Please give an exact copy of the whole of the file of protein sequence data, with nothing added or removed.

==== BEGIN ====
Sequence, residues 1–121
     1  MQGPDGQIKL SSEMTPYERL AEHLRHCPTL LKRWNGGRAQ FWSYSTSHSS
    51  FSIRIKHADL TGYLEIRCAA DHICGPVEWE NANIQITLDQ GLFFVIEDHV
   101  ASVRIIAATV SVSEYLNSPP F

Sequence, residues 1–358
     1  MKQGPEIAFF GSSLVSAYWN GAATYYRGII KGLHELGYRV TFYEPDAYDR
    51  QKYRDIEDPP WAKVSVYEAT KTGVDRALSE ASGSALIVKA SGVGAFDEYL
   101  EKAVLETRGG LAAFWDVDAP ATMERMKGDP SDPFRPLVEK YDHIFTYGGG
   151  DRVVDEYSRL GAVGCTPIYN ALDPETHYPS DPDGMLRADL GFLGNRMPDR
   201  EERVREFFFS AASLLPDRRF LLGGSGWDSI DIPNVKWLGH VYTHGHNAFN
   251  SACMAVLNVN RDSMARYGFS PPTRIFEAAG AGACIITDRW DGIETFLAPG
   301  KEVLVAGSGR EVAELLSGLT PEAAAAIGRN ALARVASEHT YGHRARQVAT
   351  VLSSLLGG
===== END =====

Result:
Sequence, residues 1–121
     1  MQGPDGQIKL SSEMTPYERL AEHLRHCPTL LKRWNGGRAQ FWSYSTSHSS
    51  FSIRIKHADL TGYLEIRCAA DHICGPVEWE NANIQITLDQ GLFFVIEDHV
   101  ASVRIIAATV SVSEYLNSPP F

Sequence, residues 1–358
     1  MKQGPEIAFF GSSLVSAYWN GAATYYRGII KGLHELGYRV TFYEPDAYDR
    51  QKYRDIEDPP WAKVSVYEAT KTGVDRALSE ASGSALIVKA SGVGAFDEYL
   101  EKAVLETRGG LAAFWDVDAP ATMERMKGDP SDPFRPLVEK YDHIFTYGGG
   151  DRVVDEYSRL GAVGCTPIYN ALDPETHYPS DPDGMLRADL GFLGNRMPDR
   201  EERVREFFFS AASLLPDRRF LLGGSGWDSI DIPNVKWLGH VYTHGHNAFN
   251  SACMAVLNVN RDSMARYGFS PPTRIFEAAG AGACIITDRW DGIETFLAPG
   301  KEVLVAGSGR EVAELLSGLT PEAAAAIGRN ALARVASEHT YGHRARQVAT
   351  VLSSLLGG